Parallel Stacks – Tasks view

Wed, May 27, 2009, 04:12 PM under ParallelComputing
This post was UPDATED for the VS2010 Beta 2 release

This blog post presumes you read my posts on Parallel Tasks and on Parallel Stacks, which describe the usefulness of the new VS2010 debugger windows for debugging multithreaded applications. In today's post I'll expand on the task-specific support in the Parallel Stacks window: we call this the Tasks View of the Parallel Stacks window and you can switch to that view from the combobox in the toolbar.

Threads versus Tasks
For the purposes of this window, there are 3 main differences when you are looking at call stacks of threads versus call stacks of tasks:

1. Some threads in your application will be running tasks and others will not.
2. A thread could be running more than 1 Task (only the task at the top part of the thread's call stack is actually running, you can assert that the other(s) would be in a waiting state).
3. Call stacks of threads are mapped back to the thread via the Thread ID; call stacks of tasks should be mapped back to the task via the Task ID.

These 3 differences map to the following 3 observations of what you see in the Tasks View of the Parallel Stacks window (compared to the separately covered Threads View of the Parallel Stacks window):

a) We don’t show the threads not executing tasks.
b) We split call stacks of threads executing multiple tasks into separate nodes, so you can clearly see each task call stack separately.
c) The tooltip of the header in the node and on each method context (displaying the stack frames) shows task IDs instead of thread IDs.

Here is an example where one thread is not running tasks (the Main thread):

Trimming frames from the bottom
You will notice in the screenshot above another difference not mentioned so far: some stack frames at the root of the call stack are trimmed. This is what I call showing the "real" call stacks of tasks. If you think about it, your code created a task pointing it to a method and it is from somewhere close to that method that you want to start looking at the call stack. All the other (typically non-user code) stack frames at the root of the thread's call stack are not of interest in this Tasks View, so we trim them out (as per screenshot above).

Trimming frames from the top
We also trim stack frames from the top of the call stack. The consistent decision could have been to trim *all* non-user code at the top since that is not code you would typically care too much about when debugging tasks. However, what is interesting in many scenarios is the first non-user method that was called from the top most user frame – so we kept that one frame and trimmed all the ones above it.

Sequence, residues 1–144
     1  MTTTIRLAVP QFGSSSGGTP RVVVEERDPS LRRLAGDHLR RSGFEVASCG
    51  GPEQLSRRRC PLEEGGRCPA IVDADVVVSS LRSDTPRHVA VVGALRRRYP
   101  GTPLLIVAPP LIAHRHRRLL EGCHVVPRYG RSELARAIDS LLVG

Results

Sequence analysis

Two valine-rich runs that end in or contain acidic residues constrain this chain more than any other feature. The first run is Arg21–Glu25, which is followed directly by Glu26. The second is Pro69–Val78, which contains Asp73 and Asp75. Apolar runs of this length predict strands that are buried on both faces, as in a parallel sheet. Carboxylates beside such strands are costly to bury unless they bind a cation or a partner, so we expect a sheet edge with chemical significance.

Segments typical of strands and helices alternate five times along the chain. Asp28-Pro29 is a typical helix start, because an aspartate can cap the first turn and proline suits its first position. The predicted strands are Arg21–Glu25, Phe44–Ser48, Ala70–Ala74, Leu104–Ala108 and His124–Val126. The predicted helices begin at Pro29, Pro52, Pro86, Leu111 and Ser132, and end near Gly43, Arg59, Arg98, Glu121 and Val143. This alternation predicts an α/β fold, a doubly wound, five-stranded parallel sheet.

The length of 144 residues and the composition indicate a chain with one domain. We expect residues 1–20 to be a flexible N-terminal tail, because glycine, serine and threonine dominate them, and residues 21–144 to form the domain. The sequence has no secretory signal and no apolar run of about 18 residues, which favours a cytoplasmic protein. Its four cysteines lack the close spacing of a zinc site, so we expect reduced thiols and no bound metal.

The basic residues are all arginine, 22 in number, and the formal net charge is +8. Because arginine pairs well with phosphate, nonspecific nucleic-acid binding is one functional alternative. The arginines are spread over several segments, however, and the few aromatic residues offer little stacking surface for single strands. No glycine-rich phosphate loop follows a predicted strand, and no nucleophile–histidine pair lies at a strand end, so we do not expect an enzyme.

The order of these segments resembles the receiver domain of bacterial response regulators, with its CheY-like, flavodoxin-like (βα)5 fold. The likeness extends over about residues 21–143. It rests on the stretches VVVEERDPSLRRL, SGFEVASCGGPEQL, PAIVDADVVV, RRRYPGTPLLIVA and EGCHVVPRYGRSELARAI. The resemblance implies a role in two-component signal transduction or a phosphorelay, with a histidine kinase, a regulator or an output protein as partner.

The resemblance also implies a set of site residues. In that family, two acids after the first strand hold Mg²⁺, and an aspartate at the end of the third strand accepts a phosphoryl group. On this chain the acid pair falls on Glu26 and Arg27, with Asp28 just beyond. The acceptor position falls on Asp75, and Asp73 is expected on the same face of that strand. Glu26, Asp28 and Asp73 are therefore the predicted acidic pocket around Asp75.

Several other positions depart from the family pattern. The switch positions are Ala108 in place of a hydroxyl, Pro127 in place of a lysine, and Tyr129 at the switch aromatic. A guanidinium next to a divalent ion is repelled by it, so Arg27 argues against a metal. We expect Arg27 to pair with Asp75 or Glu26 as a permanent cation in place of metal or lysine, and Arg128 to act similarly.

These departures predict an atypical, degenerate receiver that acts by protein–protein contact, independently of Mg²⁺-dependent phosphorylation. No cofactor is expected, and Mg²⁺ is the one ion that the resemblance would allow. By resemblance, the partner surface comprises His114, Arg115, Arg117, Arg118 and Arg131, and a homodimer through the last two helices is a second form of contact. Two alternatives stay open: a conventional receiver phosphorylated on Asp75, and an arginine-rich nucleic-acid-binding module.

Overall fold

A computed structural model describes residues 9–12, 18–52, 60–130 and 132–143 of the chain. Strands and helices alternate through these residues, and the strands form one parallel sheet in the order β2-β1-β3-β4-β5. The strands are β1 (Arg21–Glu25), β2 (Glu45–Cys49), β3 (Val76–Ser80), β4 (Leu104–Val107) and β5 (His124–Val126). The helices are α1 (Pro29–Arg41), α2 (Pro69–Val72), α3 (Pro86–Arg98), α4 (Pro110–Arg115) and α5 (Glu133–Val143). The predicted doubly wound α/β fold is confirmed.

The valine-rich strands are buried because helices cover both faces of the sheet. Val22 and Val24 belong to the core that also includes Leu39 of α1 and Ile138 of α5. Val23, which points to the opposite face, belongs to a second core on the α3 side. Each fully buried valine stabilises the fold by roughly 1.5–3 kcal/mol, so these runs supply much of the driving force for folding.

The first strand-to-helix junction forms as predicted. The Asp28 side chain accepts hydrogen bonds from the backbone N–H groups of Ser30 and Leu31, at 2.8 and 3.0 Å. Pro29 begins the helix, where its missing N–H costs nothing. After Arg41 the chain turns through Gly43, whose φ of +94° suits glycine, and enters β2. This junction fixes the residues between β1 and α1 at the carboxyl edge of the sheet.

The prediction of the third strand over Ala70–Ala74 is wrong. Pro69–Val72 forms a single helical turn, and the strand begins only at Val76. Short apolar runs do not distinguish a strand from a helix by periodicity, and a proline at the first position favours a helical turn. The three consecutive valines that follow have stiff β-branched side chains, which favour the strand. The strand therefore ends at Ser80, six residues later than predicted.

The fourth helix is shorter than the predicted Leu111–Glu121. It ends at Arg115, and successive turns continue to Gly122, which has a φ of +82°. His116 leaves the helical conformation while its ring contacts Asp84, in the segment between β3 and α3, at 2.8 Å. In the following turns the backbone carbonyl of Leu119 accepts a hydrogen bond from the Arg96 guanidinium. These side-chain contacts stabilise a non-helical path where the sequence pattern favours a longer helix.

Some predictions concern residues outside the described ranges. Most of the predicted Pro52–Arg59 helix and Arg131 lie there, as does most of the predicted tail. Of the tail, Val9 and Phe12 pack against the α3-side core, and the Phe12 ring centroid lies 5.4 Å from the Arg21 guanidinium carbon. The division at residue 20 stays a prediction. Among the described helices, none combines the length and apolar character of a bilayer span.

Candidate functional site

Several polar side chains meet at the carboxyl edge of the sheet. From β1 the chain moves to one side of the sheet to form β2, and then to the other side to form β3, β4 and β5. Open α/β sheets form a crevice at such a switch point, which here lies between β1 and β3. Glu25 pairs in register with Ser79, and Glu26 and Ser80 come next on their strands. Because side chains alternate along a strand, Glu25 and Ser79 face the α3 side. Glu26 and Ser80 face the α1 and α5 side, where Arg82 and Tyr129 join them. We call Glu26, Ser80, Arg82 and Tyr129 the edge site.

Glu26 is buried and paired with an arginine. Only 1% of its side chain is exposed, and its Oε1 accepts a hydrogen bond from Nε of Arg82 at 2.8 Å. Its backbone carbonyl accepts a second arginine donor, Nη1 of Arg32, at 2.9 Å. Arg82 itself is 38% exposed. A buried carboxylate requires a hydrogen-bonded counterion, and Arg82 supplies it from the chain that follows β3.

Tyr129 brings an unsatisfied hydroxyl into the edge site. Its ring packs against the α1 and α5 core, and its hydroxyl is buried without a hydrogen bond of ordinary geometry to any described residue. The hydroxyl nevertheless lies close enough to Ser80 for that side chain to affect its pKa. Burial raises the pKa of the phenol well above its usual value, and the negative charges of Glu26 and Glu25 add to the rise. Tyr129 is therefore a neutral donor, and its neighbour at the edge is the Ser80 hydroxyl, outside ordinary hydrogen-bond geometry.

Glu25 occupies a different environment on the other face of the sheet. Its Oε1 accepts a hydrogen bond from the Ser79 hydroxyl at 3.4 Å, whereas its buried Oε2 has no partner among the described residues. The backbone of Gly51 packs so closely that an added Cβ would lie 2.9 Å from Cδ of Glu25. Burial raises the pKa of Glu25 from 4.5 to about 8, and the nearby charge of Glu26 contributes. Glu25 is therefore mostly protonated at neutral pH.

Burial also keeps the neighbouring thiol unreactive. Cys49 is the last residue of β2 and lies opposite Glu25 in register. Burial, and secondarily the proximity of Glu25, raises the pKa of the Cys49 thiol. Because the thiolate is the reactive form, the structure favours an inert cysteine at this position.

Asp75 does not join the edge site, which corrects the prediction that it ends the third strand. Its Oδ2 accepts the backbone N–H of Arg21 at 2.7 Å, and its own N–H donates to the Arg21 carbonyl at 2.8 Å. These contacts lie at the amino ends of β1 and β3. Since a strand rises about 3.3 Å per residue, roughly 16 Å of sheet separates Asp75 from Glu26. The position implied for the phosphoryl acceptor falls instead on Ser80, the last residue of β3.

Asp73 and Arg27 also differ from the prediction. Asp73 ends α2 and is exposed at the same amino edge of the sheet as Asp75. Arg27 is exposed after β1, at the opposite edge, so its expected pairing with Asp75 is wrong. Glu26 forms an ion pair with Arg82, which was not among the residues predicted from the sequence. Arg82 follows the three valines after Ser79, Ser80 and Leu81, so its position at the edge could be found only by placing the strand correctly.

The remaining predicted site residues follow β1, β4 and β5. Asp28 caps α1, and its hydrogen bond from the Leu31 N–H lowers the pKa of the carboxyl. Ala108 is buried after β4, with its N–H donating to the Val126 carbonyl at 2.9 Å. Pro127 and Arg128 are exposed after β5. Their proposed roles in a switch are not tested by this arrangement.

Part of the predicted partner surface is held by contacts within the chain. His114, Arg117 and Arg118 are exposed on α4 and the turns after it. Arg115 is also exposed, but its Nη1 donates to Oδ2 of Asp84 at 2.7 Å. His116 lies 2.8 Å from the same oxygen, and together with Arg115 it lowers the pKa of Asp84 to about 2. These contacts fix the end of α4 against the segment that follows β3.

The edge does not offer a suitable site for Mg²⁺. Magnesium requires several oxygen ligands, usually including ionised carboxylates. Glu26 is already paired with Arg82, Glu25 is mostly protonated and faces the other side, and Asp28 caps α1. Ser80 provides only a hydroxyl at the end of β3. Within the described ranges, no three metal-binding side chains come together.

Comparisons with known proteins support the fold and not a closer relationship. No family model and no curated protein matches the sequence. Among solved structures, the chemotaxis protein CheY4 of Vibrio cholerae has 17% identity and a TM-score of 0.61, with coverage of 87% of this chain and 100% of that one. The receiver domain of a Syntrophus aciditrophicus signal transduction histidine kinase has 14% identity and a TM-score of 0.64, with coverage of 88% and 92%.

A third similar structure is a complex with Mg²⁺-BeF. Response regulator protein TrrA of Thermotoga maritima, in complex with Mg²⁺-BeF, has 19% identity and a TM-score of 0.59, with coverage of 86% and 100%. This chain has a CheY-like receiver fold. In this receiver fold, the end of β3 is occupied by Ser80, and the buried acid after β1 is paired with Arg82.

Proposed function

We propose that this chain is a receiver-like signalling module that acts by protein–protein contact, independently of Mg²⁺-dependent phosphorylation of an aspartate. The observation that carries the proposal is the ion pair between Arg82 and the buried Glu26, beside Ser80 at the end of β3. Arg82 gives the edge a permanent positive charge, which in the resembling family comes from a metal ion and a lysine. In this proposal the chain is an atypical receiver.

Here is an example of trimming stack frames from the top and also of a thread running 2 tasks:

"Go To Thread" and "Go To Task" menu
Before anyone panics with the stack trimming I mentioned above, remember that you can always view entire thread call stacks in this window by switching to the Threads View. In fact, we made it even easier to switch not just view, but also scroll to the exact position you want by offering a menu item (you'll recall I left that out from my context menu description last time) that switches views and scrolls to the same stack frame you are looking in the other view.

Header Icon
The header of each node shows the count of Threads or Tasks depending on the view we are on (default Threads View or Tasks View). In Tasks View, it also shows the task Status icon if a task's topmost frame ends in that node. You can see that in the previous screenshot: the node with 1 running task has the running icon; the two nodes each with a waiting task have the waiting icon; the node with 2 tasks has none that "end" in that box, so it shows no icon in the header.

Header tooltip
I mentioned the method context tooltip showing task IDs instead of thread IDs and you can see that in the screenshot below. I also mentioned the header tooltip showing task IDs instead of thread IDs; for this tooltip we threw in bonus information by showing you the Status of each task including counts for each status grouping regardless of whether there is an icon showing in the header or not (and if there are more than one appdomain in your app, we show the appdomain ID next to the task ID)

Feedback Please
Start playing with Visual Studio 2010 and let me have it!